US Secretary of Defence Chuck Hagel has announced his resignation after two years at the helm, in a move that is sure to raise questions over the status of a slew of critical US military commitments - including the fight against the Islamic State in Iraq and Syria (ISIS), the effort to contain the Ebola outbreak and the US Navy's continued engagement in Asia.
Mr Hagel made his shock announcement in the White House this morning with President Barack Obama and Vice President Joe Biden by his side. And though the remarks from both the president and Mr Hagel were pleasant and full of praise for each other, neither offered an explanation for the sudden departure. Mr Hagel received a hearty round of applause from the gathered reporters and even hugged the president before the cameras.
"Over nearly two years, Chuck has been an exemplary Defence Secretary, providing a steady hand as we modernized our strategy and budget to meet long tem threats while still responding to immediate challenges like ISIL and Ebola,"said Mr Obama.
"Last month, Chuck came to me to discuss the final quarter of my presidency and determined that, having guided the department through this transition, it was an appropriate time for him to complete his service."
Mr Hagel said he would stay on at the job until a successor is confirmed by confirmed by the Senate. Among the names that have already been thrown up are former undersecretary of defence for policy Michele Flournoy, former Pentagon official Ashton Carter and Democratic Senator Jack Reed.
To Mr Obama and Mr Biden, the outgoing Defence Secretary said he wanted to acknowledge their "leadership and friendship".
"I will continue to support you, Mr President, and the men and women who defend this country every day so unselfishly," the 68-year-old Mr Hagel said. "It's been the greatest privilege of my life to lead, and most importantly, to serve."
Mr Hagel's tenure at the Pentagon has featured some of the stiffest recent challenges the military has had to face. He oversaw the drawdown of troops from Afghanistan, a long ongoing battle against insurgents in Iraq and Syria and a large deployment to help contain the Ebola outbreak in West Africa - all the while juggling a large cut in the US military budget.
Mr Hagel has also been a strong supporter of the military aspect of the US rebalance to Asia. He hosted the first ever meeting of US and Asean defence ministers in Hawaii earlier this year.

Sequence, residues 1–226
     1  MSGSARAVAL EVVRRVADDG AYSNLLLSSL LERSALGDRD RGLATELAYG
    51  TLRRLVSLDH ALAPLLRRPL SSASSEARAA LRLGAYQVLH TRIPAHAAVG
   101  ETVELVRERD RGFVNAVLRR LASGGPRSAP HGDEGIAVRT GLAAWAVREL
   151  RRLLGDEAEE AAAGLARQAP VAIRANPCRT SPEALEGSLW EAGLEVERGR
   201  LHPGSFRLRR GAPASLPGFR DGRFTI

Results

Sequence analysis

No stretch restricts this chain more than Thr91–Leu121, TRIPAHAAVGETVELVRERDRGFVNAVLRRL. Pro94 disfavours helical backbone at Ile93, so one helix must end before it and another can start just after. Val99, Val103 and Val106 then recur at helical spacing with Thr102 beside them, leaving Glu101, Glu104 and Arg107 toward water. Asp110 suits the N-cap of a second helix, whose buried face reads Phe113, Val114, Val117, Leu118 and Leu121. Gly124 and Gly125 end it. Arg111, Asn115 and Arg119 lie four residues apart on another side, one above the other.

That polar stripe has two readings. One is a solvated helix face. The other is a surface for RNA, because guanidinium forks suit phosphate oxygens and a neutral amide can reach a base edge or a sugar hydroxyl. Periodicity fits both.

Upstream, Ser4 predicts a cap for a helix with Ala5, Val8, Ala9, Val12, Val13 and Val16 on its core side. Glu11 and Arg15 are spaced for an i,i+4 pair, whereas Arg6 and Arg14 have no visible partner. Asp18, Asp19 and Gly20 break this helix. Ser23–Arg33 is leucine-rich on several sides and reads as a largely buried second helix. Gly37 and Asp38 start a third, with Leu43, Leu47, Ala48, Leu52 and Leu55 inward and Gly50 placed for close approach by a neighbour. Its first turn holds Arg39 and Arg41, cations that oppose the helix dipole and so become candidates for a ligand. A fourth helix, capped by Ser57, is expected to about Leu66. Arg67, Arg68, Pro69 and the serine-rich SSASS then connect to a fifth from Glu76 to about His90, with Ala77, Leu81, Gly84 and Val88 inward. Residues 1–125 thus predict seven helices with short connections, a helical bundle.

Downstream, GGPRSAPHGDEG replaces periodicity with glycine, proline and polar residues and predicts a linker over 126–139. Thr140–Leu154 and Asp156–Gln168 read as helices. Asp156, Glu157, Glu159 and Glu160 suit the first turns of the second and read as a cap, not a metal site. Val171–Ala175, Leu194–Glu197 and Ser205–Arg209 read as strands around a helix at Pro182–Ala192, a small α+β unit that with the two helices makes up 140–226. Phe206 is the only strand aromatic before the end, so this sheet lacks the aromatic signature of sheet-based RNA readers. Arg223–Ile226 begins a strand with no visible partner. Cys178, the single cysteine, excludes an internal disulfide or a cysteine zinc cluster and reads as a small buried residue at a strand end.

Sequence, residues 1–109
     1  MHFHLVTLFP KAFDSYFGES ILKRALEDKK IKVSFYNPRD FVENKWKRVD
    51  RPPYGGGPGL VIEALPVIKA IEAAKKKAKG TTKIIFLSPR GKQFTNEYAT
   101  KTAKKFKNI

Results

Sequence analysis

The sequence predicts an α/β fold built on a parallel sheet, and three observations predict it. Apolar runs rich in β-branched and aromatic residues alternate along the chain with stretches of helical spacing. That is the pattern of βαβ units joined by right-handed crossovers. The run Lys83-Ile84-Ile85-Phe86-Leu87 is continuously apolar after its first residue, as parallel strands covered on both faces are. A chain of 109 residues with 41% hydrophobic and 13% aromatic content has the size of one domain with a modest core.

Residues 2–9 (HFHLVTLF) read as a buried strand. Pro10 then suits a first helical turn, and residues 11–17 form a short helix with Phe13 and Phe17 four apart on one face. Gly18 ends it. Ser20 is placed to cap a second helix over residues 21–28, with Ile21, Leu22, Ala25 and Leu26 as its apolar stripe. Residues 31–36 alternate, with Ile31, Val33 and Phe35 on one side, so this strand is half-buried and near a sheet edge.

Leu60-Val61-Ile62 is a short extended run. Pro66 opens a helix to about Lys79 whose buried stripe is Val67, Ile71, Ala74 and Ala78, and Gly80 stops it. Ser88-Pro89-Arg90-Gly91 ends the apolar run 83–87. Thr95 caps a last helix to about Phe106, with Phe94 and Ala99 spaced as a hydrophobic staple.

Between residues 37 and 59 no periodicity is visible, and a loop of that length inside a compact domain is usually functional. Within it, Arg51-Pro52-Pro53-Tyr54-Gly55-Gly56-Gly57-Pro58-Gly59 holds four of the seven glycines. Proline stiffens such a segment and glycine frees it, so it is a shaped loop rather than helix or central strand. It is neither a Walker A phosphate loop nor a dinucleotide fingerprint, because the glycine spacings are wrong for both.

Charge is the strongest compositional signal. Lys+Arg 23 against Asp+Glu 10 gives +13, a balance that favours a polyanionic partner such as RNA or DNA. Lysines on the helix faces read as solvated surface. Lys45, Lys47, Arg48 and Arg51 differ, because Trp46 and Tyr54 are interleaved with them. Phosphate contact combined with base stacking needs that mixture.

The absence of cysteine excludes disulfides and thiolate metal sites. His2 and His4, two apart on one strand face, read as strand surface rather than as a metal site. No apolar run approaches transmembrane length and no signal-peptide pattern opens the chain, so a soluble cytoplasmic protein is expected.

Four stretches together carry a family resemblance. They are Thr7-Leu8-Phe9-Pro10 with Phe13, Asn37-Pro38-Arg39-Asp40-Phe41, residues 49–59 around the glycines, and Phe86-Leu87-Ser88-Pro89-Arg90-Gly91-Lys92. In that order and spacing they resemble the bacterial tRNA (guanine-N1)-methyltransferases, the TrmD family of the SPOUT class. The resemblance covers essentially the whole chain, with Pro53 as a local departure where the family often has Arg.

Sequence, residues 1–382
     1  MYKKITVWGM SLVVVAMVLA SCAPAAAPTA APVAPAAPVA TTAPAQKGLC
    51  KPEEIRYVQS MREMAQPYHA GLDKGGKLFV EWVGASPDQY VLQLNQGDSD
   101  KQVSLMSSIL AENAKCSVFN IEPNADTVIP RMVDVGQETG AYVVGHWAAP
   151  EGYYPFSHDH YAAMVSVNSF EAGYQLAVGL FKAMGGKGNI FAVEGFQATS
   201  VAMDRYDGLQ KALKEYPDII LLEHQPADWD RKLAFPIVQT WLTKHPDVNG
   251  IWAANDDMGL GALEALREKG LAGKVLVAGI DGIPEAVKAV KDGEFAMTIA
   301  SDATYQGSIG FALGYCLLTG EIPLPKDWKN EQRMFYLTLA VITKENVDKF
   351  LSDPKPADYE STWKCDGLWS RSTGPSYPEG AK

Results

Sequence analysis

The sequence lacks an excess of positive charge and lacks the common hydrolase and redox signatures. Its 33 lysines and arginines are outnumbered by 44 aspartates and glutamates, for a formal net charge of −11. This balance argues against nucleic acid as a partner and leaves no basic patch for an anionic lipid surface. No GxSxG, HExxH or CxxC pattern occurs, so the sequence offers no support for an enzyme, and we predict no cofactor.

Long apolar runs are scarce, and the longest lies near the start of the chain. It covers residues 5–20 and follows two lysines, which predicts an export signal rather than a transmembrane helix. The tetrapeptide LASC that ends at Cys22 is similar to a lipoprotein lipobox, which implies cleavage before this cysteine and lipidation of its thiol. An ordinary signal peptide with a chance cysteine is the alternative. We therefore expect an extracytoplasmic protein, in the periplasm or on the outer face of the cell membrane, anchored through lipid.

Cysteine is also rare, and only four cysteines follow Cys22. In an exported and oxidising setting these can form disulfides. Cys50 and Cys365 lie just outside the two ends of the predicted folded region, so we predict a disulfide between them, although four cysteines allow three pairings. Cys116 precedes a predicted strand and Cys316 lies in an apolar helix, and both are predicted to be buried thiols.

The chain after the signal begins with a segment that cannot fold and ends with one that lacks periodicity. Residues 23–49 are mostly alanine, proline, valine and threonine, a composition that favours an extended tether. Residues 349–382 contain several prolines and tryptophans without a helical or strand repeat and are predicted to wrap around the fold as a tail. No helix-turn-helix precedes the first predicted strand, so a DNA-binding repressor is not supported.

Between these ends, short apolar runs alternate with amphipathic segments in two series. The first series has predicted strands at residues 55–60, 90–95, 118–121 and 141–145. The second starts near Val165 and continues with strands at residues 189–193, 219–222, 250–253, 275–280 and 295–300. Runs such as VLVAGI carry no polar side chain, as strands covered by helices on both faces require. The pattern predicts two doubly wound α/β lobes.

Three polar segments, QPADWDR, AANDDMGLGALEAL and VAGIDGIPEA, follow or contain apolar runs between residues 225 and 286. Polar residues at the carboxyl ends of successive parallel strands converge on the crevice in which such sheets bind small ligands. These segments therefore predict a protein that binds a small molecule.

Of late, however, there has been talk of growing disagreement between the secretary and the president especially over Mr Obama's "no boots on the ground" policy in Iraq and Syria. Mr Hagel had both publicly and privately declared a need for at least some troops with a combat role in the region. While there was no sign of tension at the resignation announcement, talk in the US capital swirled that the Defence Secretary had been pushed out of his job.
The first signs of trouble emerged last month when Mr Hagel's planned tripped to Vietnam was cancelled at the last minute, although talk then was that the secretary had too close a relationship with the president to be in jeopardy.
Mr Hagel is the currently the only Republican in Mr Obama's national security team and analysts are split over how much of a change in policy a new Pentagon chief would bring. On the one hand, the need to get the new defence chief approved by a Republican-controlled Senate would likely mean whoever comes next will take a more hawkish stance than Mr Hagel. On the other hand, there are those who don't believe there will be any significant shifts in policy given that the White House controls national security and defence policy, with the defence secretary simply in charge of executing it.
Congress was quick to pay tribute to the outgoing secretary. Senator John McCain released a statement saying: "Secretary Chuck Hagel and I have had our differences over many years, but I have always considered him a friend, a patriot, and a dedicated public servant who has always put our country first and the needs of our men and women in uniform above his own."